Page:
Roger Moyers is the president of Blue Sage Software, which provides ERP and other software solutions to the automotive aftermarket. We spoke to Moyers about technology advancements in the aftermarket and common inventory challenges.
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How is the automotive aftermarket unique in its inventory management requirements?
I think one of the biggest nuances or attributes of the aftermarket, especially as it relates to inventory, is how many different SKUs that a typical aftermarket distributor has to deal with
They carry parts for many years, for many makes of vehicles, and many models and sub-models within that range.
How can software help suppliers and customers do a better job of forecasting inventory?
We work with various buying groups, and they do two things: They provide economy of scale for improved purchasing power for the warehouse, and they provide provide information about what the group is doing as a whole, so you can see what is going on your region and what kind of parts are selling and which are not. That’s information that they can use to better populate their warehouse.
Are more companies using barcoding technology in the warehouse and going paperless?
Clearly we’re not seeing as much of that as we’d like to. I think one aspect that’s really becoming clear is it is becoming less and less expensive for customers to deploy that type of technology.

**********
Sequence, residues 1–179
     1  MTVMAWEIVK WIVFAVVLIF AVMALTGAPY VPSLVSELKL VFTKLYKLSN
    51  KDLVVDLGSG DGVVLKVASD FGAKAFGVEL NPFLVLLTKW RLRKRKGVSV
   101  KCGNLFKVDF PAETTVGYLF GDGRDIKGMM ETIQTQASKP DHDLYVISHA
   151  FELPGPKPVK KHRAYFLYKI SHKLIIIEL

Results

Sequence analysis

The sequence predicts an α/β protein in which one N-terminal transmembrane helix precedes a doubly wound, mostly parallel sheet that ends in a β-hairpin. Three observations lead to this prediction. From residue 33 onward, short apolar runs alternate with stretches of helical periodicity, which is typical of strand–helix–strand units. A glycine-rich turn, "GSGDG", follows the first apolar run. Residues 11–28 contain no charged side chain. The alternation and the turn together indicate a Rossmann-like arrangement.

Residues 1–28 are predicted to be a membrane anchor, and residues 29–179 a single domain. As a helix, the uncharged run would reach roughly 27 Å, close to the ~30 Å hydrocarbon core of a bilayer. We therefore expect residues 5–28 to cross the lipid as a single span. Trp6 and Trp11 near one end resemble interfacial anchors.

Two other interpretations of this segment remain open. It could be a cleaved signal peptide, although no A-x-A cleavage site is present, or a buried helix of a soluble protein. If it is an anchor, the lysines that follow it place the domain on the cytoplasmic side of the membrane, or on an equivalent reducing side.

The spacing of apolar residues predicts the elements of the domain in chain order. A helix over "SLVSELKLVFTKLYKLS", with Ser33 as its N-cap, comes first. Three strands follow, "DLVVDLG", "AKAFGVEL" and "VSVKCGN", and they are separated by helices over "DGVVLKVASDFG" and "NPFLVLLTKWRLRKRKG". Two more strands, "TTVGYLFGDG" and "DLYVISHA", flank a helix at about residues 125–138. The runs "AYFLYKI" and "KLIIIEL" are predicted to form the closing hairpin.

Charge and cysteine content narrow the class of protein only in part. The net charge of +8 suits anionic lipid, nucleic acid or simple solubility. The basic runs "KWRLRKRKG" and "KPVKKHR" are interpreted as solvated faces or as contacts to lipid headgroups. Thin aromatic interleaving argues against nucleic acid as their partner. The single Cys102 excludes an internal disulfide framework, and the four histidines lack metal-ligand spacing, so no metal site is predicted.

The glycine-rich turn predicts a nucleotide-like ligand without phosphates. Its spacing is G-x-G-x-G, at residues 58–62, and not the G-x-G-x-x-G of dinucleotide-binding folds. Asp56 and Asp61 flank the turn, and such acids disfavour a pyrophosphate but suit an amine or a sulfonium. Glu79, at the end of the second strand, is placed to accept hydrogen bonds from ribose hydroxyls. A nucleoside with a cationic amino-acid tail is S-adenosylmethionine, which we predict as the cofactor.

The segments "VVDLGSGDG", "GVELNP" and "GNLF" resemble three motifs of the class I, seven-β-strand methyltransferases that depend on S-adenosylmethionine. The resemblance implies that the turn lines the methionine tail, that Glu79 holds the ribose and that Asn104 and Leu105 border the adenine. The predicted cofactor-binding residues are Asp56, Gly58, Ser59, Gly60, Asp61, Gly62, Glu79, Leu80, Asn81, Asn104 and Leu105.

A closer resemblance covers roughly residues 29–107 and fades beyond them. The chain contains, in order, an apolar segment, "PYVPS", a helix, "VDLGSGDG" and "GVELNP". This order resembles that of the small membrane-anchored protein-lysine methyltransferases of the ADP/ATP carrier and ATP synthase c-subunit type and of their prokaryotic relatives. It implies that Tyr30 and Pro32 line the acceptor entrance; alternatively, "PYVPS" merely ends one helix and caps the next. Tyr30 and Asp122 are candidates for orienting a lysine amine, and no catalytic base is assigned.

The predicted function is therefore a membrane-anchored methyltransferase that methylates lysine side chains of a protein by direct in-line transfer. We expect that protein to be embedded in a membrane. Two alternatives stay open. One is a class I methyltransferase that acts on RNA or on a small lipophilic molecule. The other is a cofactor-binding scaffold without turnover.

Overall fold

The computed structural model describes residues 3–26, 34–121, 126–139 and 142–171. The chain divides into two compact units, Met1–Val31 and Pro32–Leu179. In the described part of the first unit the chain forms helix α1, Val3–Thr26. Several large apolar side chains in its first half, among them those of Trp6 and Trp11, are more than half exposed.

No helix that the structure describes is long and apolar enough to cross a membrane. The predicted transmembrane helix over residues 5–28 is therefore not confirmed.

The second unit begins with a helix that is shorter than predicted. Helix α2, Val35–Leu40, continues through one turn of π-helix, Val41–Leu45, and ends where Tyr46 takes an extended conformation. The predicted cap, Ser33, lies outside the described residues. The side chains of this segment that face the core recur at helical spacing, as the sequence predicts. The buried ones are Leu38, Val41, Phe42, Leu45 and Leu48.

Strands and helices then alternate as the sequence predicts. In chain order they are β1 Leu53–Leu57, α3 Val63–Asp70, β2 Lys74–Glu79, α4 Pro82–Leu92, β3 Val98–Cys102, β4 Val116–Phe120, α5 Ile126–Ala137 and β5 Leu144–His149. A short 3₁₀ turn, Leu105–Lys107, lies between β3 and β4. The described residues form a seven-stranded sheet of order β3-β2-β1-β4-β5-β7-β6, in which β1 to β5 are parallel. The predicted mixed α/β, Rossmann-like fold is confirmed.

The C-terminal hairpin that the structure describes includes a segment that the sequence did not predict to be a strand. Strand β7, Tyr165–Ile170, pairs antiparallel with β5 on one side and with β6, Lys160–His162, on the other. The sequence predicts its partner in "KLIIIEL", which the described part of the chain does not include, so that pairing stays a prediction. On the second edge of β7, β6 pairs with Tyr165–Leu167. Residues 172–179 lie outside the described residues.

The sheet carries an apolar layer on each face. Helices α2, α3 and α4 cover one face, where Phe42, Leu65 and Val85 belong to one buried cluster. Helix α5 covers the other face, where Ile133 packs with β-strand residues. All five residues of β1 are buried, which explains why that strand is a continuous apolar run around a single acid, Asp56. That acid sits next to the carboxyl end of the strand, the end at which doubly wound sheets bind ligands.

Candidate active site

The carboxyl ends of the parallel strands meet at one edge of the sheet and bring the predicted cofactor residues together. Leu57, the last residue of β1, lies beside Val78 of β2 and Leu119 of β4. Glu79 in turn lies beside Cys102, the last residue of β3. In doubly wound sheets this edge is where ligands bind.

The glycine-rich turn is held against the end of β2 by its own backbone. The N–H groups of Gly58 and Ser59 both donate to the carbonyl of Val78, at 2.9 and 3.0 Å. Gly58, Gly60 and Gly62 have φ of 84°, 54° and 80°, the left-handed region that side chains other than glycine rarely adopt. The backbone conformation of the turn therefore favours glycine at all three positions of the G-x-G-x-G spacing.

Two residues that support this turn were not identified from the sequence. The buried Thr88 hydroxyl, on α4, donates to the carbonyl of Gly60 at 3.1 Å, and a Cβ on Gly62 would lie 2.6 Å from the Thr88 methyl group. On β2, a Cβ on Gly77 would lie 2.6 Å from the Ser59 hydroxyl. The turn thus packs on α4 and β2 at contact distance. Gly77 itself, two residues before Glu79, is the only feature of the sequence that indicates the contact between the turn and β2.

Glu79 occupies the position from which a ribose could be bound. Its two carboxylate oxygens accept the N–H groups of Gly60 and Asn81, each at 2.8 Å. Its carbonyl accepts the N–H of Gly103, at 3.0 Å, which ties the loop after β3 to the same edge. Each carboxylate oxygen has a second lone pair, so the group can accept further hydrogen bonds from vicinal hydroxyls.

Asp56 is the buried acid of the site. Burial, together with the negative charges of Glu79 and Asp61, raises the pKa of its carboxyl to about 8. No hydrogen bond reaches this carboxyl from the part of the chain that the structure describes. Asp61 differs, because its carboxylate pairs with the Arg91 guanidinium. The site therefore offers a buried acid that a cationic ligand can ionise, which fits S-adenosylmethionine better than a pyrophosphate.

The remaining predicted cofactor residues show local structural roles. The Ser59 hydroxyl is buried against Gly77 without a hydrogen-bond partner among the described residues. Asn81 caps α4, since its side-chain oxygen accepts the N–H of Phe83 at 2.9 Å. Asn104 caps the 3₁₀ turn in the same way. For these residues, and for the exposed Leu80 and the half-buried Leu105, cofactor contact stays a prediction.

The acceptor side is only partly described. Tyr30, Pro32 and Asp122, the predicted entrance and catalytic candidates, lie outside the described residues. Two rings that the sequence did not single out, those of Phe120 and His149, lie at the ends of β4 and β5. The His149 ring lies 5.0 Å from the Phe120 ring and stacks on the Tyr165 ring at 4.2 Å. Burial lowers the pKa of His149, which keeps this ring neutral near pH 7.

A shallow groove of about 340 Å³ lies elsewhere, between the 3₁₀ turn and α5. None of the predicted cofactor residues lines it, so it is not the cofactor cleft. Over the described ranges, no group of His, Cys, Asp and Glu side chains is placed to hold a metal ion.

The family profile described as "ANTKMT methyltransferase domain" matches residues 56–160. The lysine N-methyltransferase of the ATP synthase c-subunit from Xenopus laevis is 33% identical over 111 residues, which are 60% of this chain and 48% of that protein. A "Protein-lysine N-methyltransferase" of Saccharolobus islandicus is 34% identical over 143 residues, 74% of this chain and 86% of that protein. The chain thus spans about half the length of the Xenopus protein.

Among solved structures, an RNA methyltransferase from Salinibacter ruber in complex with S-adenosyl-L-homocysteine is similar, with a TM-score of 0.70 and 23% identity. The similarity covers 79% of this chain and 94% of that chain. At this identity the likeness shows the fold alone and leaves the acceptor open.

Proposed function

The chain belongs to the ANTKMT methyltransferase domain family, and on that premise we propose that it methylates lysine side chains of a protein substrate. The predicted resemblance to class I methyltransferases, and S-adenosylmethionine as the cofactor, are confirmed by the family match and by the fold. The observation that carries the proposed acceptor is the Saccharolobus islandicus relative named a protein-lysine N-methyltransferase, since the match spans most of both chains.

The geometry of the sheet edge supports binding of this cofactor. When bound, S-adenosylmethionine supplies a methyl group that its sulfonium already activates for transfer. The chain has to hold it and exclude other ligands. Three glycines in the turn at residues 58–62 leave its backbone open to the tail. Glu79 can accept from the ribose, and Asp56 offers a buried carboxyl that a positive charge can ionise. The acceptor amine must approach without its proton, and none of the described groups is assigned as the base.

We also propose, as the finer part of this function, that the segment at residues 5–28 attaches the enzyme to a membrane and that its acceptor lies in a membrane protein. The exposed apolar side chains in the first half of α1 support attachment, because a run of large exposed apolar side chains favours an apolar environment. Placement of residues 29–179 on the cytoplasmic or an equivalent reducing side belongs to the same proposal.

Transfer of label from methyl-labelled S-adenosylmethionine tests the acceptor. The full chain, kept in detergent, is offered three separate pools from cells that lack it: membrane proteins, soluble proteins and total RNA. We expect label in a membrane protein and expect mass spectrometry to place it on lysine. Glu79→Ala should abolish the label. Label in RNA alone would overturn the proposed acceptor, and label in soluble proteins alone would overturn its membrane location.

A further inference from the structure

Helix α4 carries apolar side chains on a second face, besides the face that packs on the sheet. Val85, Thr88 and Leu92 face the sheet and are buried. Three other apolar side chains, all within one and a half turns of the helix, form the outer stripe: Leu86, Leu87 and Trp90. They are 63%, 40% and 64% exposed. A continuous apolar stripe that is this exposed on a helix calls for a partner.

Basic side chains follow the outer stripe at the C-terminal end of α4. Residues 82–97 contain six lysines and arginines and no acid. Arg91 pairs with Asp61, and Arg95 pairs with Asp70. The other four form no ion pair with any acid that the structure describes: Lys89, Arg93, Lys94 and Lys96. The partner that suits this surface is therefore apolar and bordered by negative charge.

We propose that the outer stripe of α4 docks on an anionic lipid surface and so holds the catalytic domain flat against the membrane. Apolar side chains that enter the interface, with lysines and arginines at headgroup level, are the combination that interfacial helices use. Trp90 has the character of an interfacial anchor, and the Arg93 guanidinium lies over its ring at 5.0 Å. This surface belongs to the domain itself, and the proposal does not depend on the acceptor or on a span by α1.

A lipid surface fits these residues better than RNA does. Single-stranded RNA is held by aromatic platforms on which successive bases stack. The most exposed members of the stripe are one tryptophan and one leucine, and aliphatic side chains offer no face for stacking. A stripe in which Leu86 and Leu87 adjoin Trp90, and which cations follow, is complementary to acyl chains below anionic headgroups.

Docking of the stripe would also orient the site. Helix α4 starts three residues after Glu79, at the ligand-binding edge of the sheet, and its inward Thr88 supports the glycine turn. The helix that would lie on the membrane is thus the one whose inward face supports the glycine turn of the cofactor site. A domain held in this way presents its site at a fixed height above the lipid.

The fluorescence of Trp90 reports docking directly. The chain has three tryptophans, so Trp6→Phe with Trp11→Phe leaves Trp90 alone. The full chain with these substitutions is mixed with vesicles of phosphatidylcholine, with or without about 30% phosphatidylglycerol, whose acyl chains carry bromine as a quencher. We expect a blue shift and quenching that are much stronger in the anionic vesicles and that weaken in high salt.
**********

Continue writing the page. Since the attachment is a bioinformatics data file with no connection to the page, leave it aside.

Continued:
One of the biggest challenges of deploying that technology is retraining. If you have had a system in place for 20 years, which many customers have, in to take advantage of newer technology you need to upgrade software or switch to newer platform. That requires retraining on the part of your employees, and that’s one of the biggest hurdles to making the switch to newer technologies, even though it’s less expensive than current technology.
What technologies do you think will have a big impact on logistics operations moving forward?
There are a lot of technologies that have the potential to change things. 3D printing, for example, could have a big impact on the way warehouses carry inventory. They could manufacture parts on the spot. We’re starting to see that for small parts, and that could have a big impact some day.
On the buying side, our customers need the ability for greater inventory visibility, and have an online presence where customers can find your parts in stock in your warehouse, and purchase them 24/7. That’s a must. From our side, we an online storefront that can provide that capability. It’s a different way of accepting orders, and you have to put technology in place to make that work. It is important that understand there is a return on investment from doing that.